The bright, vibrant colours pull you in but it is the details in Rui Stalph’s wonderful designs that keep you captivated. A self-described digital nomad, Rui is the surface designer behind the brand Kangarui. The name is a mash-up of Kenya’s most popular textile kanga and her first name.
Rui spent her early years in Nakuru, where her father worked as a civil engineer in Lake Nakuru National Park. From her family home she had an amazing view of the lake filled with beautiful pink flamingos. “This is probably where my love of nature started,” Rui tells me with a laugh.
After completing her secondary school education in Nairobi, Rui studied graphic design at Nottingham Trent University in the UK. She now works as a freelance web designer mostly based in Tokyo. But what would morph into Kangarui started a few years ago when Rui was living in Germany and missing Kenya, which she still considers home. She started to experiment and create what she calls ‘quirky animal art’ by digitally combining and layering her paintings with photographs.
When she came across American websites—such as Society6—that could produce her work on her behalf, she started to upload designs onto these websites. But in the last year Rui decided that she wanted to produce her own designs. This would be more time-consuming and require more investment, but it would allow her more control. She can now choose the fabric her designs are printed on.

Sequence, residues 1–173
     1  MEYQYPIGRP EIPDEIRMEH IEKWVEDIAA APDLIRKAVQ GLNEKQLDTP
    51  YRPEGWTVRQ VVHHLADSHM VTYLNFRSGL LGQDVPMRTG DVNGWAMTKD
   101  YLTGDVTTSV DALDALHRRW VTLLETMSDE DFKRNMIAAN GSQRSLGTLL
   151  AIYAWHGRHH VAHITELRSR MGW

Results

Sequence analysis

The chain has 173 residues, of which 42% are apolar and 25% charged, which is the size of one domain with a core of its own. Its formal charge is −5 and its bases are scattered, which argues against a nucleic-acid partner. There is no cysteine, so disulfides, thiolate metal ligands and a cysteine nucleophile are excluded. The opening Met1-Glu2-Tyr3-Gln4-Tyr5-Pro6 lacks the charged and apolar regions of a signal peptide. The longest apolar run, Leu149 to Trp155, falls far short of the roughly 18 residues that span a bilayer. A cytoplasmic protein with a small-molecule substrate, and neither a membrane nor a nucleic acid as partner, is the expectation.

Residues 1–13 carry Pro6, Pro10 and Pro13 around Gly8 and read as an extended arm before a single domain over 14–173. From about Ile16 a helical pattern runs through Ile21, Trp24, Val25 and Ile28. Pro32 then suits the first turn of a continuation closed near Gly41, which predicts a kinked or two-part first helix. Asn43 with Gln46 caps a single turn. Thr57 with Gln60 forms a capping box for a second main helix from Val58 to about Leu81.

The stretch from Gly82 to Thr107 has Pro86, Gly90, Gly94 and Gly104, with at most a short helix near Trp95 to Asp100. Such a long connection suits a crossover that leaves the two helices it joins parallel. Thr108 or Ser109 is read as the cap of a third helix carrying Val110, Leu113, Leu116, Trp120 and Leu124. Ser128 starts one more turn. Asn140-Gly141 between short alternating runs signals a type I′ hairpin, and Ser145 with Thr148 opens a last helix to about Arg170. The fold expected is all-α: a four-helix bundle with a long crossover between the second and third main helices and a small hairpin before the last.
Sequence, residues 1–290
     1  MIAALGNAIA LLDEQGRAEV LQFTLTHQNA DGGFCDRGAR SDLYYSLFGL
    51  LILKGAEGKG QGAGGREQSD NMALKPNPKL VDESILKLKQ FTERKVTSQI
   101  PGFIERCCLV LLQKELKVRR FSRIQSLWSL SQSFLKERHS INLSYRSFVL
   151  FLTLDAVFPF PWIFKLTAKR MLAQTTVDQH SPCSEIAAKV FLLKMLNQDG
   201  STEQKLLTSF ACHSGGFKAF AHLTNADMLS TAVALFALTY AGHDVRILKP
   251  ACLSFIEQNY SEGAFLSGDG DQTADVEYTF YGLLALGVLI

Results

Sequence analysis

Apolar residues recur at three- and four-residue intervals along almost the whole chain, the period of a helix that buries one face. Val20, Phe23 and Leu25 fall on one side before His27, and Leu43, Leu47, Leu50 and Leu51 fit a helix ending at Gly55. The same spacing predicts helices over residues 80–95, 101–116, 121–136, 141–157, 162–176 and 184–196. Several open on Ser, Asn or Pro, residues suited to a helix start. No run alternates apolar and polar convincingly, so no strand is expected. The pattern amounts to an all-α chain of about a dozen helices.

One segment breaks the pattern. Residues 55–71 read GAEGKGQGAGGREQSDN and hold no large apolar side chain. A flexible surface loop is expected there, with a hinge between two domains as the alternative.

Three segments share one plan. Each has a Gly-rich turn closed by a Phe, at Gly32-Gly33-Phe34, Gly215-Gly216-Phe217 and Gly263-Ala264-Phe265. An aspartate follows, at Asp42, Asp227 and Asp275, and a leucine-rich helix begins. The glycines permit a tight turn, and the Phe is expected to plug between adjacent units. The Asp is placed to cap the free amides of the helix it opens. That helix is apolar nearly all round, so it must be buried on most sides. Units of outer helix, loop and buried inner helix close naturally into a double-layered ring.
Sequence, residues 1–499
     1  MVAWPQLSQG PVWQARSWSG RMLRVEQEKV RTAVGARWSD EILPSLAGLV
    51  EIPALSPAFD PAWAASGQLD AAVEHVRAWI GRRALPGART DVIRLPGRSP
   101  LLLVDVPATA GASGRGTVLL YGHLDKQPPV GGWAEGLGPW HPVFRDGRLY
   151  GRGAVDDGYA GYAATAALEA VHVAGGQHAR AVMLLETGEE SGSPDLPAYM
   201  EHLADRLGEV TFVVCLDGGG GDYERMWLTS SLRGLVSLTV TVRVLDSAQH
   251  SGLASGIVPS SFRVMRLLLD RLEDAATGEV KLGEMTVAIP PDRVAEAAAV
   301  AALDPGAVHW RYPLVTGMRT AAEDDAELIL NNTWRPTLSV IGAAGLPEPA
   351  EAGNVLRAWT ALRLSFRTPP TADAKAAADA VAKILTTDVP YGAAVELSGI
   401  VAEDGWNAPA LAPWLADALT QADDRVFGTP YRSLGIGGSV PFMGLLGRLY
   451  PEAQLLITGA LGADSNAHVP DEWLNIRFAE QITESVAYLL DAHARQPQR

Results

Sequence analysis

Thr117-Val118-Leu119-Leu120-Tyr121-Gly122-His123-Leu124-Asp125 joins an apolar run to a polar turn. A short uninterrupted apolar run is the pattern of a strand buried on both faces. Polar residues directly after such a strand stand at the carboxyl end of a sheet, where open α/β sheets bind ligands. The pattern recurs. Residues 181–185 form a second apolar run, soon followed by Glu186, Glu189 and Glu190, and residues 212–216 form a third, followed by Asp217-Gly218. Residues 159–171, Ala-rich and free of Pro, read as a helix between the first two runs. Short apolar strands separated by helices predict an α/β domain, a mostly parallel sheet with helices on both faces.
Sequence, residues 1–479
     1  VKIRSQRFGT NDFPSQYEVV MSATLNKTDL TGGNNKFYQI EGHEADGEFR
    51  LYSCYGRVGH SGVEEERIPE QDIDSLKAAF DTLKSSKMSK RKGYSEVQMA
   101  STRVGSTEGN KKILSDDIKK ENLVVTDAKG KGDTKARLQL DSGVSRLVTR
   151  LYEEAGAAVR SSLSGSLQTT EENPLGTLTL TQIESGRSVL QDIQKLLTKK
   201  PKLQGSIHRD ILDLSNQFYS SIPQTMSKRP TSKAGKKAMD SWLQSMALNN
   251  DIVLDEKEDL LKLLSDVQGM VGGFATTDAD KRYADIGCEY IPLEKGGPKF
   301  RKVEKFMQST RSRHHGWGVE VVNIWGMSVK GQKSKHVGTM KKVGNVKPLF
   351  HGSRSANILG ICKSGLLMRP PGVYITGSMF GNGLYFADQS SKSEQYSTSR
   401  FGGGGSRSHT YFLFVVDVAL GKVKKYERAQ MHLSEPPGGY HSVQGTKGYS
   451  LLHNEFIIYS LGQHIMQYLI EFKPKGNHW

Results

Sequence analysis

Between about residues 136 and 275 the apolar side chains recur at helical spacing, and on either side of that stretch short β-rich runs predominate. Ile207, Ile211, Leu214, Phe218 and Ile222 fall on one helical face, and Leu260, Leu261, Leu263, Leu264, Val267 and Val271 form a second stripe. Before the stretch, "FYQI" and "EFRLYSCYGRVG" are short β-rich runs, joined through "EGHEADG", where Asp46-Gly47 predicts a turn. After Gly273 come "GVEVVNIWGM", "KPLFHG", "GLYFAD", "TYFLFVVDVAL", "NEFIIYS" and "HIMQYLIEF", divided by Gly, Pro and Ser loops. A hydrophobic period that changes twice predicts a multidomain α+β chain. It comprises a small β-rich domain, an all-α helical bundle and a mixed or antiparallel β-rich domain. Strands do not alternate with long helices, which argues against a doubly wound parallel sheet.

Intent on launching her brand in Kenya, Rui researched digital printing in December of last year. She found that it wasn’t possible to achieve the quality she desired in Kenya so she decided to return to Tokyo and see if she could produce there. She booked a return flight to Nairobi, with an April return date, to create a self-imposed deadline. Luckily, she was able to convince a company in Japan that usually only produces huge orders for big companies to produce her relatively small order. She decided to make throw pillows as she could start with only one size.
Last month she returned home with her cushion covers – a variety of colourful prints on a sumptuously soft material. In line with her desire to create the best possible product, Rui did not want to buy pre-made cushions as she wanted the cushion size to show the pillow print design in the best way possible. She bought lining material and filling from Biashara Street and experimented with different sizes and weights of the cushion before settling on the perfect size and weight. Kangarui’s ‘Explorer Cushions’ are already available from the Pinkopallino store at the Village Market and soon from the Urban African Lifestyle Company at The Hub, House of Treasures Emporium and Langata Link.
Photograph courtesy of Kangarui.